Why is Apologizing After a Crash a Bad Idea?

Your good manners might instinctively drive you to apologize after a car crash, even if you know you were not the one who caused it. Try to resist those good manners. An apology — even a simple “I’m sorry” — can be contorted by an insurance company into an admission of guilt. They might try to use this simple sentiment later to increase your liability, which reduces the damages you can collect.

How is the Value of My Car Determined?

You know how much you would ask for if you had sold your car just before your accident. But what will an insurance company think would be a fair price for your vehicle? After a crash, insurance adjusters usually turn to sources like Kelley Blue Book to get a “fair” price for your vehicle based on its age and condition. The value is then multiplied based on the extent of the damage. The value of a completely totaled vehicle is multiplied by 1, meaning the value does not change. The value of a damaged but functional vehicle, though, will be multiplied by a smaller number — usually 0.75, 0.5, or 0.25 — to shrink the damages you are offered.

What Do I Do If the Other Driver Had No Insurance?

When an uninsured driver hits you, it is possible to receive damages through your own uninsured/underinsured (UM/UIM) insurance policy. Assuming that the other driver cannot pay for your damages, your policy may provide for medical treatment and vehicle repair costs up to the policy’s cap. If you do not own UM/UIM insurance coverage, then you should call your insurance provider today and ask how much it would be to add it. With more than 10% of all drivers having no or minimal insurance, the benefits of UM/UIM coverage are clear.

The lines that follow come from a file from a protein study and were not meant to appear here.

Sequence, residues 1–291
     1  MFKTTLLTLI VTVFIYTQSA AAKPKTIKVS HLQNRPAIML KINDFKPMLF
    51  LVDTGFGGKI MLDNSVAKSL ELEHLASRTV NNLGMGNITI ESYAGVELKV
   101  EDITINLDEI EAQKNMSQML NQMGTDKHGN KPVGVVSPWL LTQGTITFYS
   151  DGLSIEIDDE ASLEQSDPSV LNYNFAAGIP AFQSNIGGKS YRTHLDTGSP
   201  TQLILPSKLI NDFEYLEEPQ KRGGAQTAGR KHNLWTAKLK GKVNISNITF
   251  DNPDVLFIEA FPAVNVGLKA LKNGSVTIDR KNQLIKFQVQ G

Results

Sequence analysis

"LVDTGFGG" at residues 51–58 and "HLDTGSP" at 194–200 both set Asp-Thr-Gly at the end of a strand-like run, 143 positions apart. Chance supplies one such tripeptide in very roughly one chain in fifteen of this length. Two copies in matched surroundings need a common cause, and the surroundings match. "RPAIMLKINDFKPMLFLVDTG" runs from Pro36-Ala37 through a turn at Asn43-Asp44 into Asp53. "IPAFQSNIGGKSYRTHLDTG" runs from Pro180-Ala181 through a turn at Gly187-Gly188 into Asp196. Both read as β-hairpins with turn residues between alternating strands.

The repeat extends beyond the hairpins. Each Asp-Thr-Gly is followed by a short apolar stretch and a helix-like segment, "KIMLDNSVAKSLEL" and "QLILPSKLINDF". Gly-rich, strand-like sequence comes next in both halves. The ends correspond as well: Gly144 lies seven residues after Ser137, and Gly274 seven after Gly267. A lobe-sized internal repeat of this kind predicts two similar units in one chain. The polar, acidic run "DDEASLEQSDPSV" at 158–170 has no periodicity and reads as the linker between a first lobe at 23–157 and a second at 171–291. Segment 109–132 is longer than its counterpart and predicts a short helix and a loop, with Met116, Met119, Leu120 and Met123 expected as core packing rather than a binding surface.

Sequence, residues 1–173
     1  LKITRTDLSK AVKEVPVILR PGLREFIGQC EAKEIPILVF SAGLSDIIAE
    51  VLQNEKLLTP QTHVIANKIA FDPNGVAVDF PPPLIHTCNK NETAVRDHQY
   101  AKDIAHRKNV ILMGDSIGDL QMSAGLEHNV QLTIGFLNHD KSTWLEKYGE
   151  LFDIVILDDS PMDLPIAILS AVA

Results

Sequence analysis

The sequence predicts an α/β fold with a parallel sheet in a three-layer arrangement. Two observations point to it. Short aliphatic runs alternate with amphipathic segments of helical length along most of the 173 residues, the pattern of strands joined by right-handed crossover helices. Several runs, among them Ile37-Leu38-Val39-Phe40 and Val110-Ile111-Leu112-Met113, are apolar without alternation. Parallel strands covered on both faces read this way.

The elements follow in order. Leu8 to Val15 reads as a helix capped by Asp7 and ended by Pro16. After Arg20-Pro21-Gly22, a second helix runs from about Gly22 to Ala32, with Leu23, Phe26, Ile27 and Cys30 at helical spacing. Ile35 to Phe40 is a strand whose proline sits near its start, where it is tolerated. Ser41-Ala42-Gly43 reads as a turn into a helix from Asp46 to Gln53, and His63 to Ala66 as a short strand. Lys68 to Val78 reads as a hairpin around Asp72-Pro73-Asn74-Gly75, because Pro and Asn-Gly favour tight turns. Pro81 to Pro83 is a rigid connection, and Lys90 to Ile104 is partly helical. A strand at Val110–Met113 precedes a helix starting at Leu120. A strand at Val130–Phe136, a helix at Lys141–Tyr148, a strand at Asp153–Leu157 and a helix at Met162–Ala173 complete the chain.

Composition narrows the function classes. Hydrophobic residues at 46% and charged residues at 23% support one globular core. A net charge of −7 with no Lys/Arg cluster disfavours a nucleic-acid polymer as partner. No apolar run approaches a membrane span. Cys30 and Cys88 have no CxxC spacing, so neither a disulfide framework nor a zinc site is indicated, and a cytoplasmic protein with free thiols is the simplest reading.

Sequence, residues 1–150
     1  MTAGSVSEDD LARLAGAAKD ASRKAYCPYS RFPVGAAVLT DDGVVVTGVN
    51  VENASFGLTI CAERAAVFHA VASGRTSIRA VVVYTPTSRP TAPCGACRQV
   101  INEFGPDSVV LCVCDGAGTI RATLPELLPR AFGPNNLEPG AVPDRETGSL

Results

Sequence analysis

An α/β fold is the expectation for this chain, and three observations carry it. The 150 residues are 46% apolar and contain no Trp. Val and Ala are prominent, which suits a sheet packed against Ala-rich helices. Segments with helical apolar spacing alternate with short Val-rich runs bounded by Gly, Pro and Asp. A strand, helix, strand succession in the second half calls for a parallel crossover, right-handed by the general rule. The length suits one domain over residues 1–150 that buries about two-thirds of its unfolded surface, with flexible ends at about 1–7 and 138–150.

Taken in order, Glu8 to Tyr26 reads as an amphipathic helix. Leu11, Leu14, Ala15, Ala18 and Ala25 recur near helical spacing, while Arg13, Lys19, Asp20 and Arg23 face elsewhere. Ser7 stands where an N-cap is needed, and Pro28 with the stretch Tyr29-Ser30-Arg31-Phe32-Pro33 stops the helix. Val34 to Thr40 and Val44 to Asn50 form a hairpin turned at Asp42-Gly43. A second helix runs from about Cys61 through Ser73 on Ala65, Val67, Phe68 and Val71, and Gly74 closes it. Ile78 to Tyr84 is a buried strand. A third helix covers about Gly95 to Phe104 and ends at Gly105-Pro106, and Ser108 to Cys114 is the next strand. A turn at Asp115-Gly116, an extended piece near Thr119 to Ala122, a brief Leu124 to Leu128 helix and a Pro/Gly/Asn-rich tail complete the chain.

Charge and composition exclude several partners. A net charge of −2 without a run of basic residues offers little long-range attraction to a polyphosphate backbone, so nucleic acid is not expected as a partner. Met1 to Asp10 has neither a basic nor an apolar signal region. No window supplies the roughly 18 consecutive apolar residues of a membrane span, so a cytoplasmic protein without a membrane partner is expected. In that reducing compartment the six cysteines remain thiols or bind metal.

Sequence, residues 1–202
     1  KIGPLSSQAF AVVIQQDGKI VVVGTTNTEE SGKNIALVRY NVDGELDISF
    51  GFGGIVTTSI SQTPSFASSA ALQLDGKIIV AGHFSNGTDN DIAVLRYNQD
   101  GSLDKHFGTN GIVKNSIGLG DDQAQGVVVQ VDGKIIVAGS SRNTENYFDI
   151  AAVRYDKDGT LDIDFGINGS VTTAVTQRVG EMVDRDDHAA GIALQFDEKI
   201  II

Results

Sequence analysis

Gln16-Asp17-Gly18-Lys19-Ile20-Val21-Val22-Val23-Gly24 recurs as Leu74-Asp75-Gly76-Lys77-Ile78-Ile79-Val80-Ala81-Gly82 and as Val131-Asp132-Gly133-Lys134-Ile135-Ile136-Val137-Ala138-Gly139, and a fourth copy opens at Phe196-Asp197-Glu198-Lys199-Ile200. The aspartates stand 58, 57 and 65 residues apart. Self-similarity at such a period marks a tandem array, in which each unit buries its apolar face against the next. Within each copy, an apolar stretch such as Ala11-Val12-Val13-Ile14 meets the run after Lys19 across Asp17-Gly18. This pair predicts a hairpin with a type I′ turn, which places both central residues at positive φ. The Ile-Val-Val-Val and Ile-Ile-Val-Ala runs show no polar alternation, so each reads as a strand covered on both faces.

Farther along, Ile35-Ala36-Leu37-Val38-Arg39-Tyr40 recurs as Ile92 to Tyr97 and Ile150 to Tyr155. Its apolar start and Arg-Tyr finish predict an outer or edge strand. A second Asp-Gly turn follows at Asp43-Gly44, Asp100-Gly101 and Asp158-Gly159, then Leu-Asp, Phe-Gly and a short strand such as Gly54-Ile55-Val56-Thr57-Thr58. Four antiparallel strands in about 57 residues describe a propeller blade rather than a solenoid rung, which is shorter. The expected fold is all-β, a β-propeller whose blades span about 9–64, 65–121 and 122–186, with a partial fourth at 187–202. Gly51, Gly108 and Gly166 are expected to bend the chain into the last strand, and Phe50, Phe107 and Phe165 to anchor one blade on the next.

How Long Do I Have to File a Claim?

The time you have to file a car accident claim after a crash depends on where you live. Each state sets its own statutes of limitations. Texas, for example, has a two-year statute of limitations, which is about the national average. If the statute expires, then you effectively cannot file a claim against the other driver, even if you have ample evidence that proves they caused the crash.

Hear From Our Clients

  • I very much appreciate all their hard work and will be happy to refer to them should the need come up for friends.

    “This is the one company that would take on my case after being rejected by two other law firms. After pursuing the insurance company, they were able to get the full amount.”

    - Sandi
  • I couldn’t be happier with the services they provided.

    “They were very patient and thorough when explaining the process of settling my car accident claim, and worked with all the medical providers and insurance companies involved to ensure I got the care that I deserved.”

    - Emily
  • I felt really taken care of, have and will continue to refer to my friends.